Thursday, January 11, 2007
Steven J. Eagle (George Mason School of Law) has posted Property Tests, Due Process Tests and Regulatory Takings Jurisprudence on SSRN. Here's the abstract:
The United States Supreme Court recently clarified in Lingle v. Chevron U.S.A., Inc. that its often-expressed “substantially advance” formulation sounds in due process, and thus should be rejected as an appropriate takings test. The Court also explained that due process provides an independent and legitimate basis for attacking government deprivations of private property. Paradoxically, Lingle also reaffirmed as the Court's principal takings test the ad hoc, multifactor formulation in Penn Central Transportation Co. v. City of New York.
The Article asserts that Penn Central itself is a due process test. Building upon Lingle, as the Court did not, the Article outlines separate and independent takings and due property tests. The proffered due process test is based on the need for meaningful scrutiny. The suggested takings test applies property law concepts in determining whether government arrogated private property to itself, and thus must compensate. Most particularly, the Article advocates the “commercial unit” as a necessarily objec-tive measure of what constitutes a relevant interest for takings analysis.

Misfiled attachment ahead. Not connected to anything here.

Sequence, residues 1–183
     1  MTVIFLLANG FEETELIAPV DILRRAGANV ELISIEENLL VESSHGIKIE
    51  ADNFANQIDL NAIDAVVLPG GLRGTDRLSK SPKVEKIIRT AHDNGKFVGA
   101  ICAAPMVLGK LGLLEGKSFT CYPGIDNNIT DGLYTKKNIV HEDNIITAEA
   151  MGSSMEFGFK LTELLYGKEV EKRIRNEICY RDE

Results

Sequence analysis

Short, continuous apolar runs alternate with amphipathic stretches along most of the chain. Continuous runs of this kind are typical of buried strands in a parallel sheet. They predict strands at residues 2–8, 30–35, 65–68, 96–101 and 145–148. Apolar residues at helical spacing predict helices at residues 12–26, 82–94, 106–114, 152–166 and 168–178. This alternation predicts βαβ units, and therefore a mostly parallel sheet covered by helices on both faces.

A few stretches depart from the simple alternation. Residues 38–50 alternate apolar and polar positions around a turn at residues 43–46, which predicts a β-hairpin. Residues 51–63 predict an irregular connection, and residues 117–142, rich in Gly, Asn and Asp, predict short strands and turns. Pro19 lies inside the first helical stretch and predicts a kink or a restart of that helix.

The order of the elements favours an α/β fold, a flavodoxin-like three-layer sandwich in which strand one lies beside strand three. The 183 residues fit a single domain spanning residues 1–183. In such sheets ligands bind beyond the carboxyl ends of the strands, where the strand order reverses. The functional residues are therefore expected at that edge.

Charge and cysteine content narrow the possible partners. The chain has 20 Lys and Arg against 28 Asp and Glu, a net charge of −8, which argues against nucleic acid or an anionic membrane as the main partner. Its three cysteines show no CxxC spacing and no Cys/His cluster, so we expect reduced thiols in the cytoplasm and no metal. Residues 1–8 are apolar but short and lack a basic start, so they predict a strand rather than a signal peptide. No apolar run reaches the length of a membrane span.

As regular readers know, this is an issue near and dear to my heart. Eagle is a very perceptive commentator on takings issues, so this is definitely worth the read.
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